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Slack’s new Shared Channels feature aims to bolster its enterprise push

Slack’s new Shared Channels feature aims to bolster its enterprise push

The popular collaboration tool made several key enterprise announcements at its first-ever Frontiers conference.

SAN FRANCISCO – Slack kicked off its first user conference here by announcing a number of new features to its collaboration tool, including a way to share Slack Channels with partners and other external organizations and long-awaited international versions of the platform.

While Slack has proven to be a popular way to share messages and work flows within a team or organization in real-time, April Underwood, Slack’s vice president of product, said the company saw the need for a secure workspace that could be shared more broadly.

“Every company is part of a constellation of companies that work together. There is a lot of demand for Slack to be the connector that works between those companies,” said Underwood.

Shared Channels also promises to expose more third party apps available at Slack’s App Directory. “This is a way for you to peek at how other organizations are using applications,” she said.

<h2>How Shared Channels works</h2>

Nate Brown and Jen Rubio, two beta users of Shared Channels, discussed their experience during the morning keynote sessions. Brown is founder and creative director of Studio Institute, a creative agency, and Rubio is Co-founder luggage company Away Travel.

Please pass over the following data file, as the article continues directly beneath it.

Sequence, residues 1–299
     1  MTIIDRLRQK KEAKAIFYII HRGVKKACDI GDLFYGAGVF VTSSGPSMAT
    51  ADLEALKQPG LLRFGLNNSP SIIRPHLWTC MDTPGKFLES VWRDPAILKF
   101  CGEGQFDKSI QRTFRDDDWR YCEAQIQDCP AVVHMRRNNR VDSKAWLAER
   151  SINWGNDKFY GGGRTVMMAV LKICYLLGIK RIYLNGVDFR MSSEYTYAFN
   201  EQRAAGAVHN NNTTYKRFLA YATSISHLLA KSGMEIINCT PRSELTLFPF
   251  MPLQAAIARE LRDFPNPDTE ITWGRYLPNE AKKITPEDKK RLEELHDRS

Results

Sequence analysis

“Slack allows us to have the off-the-cuff conversations all the time, while still having the guard rails and parameters, and organizational components of a scheduled meeting that we don’t have the time for with all the travel we do,” said Brown. “The lead times for projects can shrink dramatically because we’re communicating all the time.”

Brown and Rubio are using Shared Channels to plan a “pop-up” hotel during Paris Fashion Week in six weeks time – something they said couldn’t be accomplished with more formal means of communications. 

“It’s helped our teams understand us more. They were able to see the formation of the entire idea, comment and react in Slack,” said Rubio.

<h2>Why Oracle and 20th Century Fox like Slack</h2>

Two large enterprise users of Slack also took the stage to detail how they use Slack.

Oracle was something of a surprise, given its internal developer resources and a portfolio of content-sharing applications. But Paul Donnelly, vice president of corporate application services at Oracle, conceded that his company basically “doesn’t have anything that does the same job” as Slack and “it’s not difficult to deploy.”

He added that Oracle became familiar with Slack by way of corporate acquisitions, where it was already in heavy use.

“With all our acquisitions, we’re absorbing a lot of different tools and some of them we absolutely have to use and integrate because it’s how they were doing their business,” said Donnelly, noting that Oracle is integrating Slack with many of its in-house applications.

He also shared that company chairman Larry Ellison let it slip during a company-wide summit that Oracle was planning to adopt Slack. “That created quite a buzz throughout the company. It’s a great tool,” he said.

Jeff Dow, CIO at 20th Century Fox, said there was a cultural adjustment when the company made Slack available to 25,000 employees worldwide.

“The first thing people want to do is set up a private channel in Slack because they’re so used to closed systems like email,” said Dow. But they soon realized that a public Slack channel (within the company) could lead to more communication and sharing and wound up being what they used.

“Slack has been the hammer that’s helped us tear down the silos at 20th Century Fox,” said Dow.

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